- Clogged Milk Duct: If your breast is hot, painful, or red with a small, sore lump, it is very possible that you have a clogged milk duct. To treat a clogged duct: nurse or pump and keep at it! Counterintuitively, you might want to nurse your baby on the painful side first. This is because the baby will suck the strongest at the beginning and this might help dislodge the clog. Warm showers, hot compresses and massage can also help work out the clog. If you feel feverish, it may be a sign that the clogged milk duct has become infected and you should see a doctor as it can develop into mastitis if left untreated.
- Thrush: This is a fungal infection that can develop in your baby’s mouth or on your nipples or both (yay). Sign of thrush in mom include painful, itchy, red, shiny, or cracked nipples while thrush can appear in babies in the form of white patches on the inside of the mouth. While painful, thrush is common and harmless, but you should see your doctor for treatment. It can be persistent if left untreated and you and your baby may end up passing it back and forth for a looooong time.
Shallow Latch: If your nipple looks creased, flattened, or has a pale line across it when your baby finishes nursing, then it is possible that pain is due to shallow latching during nursing. If your nipples become cracked or (heaven forbid) bloody, you probably have a latch issue and should work with a lactation consultant pronto! Watch this video for a step by step walkthrough of establishing a deep, pain-free latch or call a local LC.
- Ill-fitting flanges or nursing bras: We’ve been over how to find a correct fitting flange, but if you’re looking to upgrade your nursing bra, we’ve put together this life (and boob) saving guide.
Visit here for more info on common causes for nipple pain. Remember, the internet (even Moxxly’s blog) can only go so far, so don’t hesitate to contact your doctor if you think that you may have an infection.
What's the heck is a milk bleb?
Quick Answer: Backed up milk!
Longer Answer: A milk bleb or blister looks like a small white spot on the nipple and is formed when skin grows over a milk pore and milk gets “backed up”. To treat it, there are many different home remedies that you could try involving everything from epsom salts to essential oils. We recommend a more straightforward, three-step approach to treating blebs:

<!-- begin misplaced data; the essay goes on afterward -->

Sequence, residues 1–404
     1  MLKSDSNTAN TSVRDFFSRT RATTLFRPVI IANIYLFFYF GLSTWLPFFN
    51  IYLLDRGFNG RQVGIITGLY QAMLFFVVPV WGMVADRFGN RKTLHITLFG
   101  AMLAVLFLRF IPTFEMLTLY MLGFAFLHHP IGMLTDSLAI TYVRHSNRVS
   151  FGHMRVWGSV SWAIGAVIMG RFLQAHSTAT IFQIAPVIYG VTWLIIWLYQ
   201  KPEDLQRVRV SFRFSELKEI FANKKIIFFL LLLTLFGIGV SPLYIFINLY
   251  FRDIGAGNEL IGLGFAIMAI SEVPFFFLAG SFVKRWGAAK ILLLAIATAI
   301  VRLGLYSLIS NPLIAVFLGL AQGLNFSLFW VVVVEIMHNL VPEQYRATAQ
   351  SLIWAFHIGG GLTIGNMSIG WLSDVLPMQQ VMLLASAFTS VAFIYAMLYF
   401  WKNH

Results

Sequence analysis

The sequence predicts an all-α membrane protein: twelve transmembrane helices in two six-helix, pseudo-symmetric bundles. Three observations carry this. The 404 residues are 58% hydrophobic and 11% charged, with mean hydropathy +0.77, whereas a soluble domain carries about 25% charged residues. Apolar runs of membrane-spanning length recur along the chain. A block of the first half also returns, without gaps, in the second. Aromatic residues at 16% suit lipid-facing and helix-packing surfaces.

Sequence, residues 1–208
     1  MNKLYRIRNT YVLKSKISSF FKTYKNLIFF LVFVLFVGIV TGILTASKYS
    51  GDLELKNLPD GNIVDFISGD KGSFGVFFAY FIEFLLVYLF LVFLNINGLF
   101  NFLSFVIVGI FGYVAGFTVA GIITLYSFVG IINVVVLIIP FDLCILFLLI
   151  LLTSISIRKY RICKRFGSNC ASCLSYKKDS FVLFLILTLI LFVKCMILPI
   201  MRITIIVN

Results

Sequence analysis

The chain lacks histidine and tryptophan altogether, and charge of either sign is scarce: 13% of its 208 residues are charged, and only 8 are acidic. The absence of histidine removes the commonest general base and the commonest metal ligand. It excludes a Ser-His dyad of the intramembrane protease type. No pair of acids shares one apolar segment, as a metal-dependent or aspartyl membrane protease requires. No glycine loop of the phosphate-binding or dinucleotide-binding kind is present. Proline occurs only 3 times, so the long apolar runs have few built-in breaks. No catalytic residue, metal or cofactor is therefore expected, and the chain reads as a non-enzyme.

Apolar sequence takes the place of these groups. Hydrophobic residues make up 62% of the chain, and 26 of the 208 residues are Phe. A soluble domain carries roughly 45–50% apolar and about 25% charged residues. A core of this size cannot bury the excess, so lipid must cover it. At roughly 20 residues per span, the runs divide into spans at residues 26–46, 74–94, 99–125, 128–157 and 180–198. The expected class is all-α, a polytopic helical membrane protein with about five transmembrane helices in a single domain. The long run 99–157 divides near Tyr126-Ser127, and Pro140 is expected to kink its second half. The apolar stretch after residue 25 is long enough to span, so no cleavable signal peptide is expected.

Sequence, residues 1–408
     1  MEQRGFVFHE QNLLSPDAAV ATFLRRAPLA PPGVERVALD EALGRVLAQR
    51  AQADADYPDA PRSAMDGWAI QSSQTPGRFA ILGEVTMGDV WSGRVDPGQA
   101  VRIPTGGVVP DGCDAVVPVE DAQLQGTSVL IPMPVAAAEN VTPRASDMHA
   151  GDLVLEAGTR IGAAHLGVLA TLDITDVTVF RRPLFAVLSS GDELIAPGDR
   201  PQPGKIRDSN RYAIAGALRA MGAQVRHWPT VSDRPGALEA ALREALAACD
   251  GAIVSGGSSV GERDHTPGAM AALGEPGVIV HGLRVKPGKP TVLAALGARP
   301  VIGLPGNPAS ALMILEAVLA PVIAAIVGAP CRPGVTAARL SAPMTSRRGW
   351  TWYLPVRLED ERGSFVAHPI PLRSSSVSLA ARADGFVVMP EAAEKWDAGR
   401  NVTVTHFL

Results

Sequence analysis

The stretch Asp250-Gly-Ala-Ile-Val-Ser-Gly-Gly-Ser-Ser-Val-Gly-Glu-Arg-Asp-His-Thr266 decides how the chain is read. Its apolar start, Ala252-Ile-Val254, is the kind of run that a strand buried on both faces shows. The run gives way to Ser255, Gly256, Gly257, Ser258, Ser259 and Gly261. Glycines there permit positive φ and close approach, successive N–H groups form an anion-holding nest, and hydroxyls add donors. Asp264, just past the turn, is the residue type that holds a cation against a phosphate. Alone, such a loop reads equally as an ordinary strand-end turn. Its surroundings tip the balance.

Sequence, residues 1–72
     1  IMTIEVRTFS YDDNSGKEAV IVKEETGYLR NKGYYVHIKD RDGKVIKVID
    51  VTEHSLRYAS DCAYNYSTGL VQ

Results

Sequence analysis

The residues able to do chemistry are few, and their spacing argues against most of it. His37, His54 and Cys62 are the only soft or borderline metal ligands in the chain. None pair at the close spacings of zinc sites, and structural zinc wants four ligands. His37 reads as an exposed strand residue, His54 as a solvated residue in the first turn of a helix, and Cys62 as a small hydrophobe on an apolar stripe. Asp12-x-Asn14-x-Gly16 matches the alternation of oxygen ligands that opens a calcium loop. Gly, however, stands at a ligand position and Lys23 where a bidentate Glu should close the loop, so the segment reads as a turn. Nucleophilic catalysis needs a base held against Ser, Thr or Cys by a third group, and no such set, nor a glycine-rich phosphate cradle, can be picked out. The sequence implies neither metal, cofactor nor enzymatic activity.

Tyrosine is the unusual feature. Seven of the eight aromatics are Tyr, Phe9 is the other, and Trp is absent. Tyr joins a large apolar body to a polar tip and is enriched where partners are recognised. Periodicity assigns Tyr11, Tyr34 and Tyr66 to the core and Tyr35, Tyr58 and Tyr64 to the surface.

Soak the nipple in warm water to soften
Rub gently with a damp washcloth until it loosens
Nurse or express to remove any hardened milk
You could choose to apply antibiotic ointment afterwards to help with healing, but make sure that you check with your doctor that the one you’re using is safe for nursing.
if nothing is working, see your doctor to make sure something more serious isn’t wrong.
Where exactly is my milk coming out? Is there one spot or many?
Quick answer: Many
Longer answer: The nipple is more showerhead than straw in this sense. Unlike a bottle nipple, the nipple will anywhere from four to twenty “spouts” called milk duct orifices. The baby’s mouth should cover the whole areola if latched correctly, so don’t worry about milk spraying everywhere.
Will my boobs ever go back to their pre-baby glory?
Quick Answer: Maybe
Longer Answer: One of the best thing about us ladies is that we are all different. Unfortunately, this means that we can’t give you a definitely answer on how your individual body will look or feel after you stop nursing. Some women say that their nipples and breasts looked pretty much the same after they stopped breastfeeding. Others say that they stayed larger, got smaller, sagged a bit, or anything in between. Other factors such as genetics or weight gain during pregnancy can also affect breast and nipple size after nursing. See this article for more information or ask your mom and other women in the family how their bodies reacted after they stopped breastfeeding (bonding time!).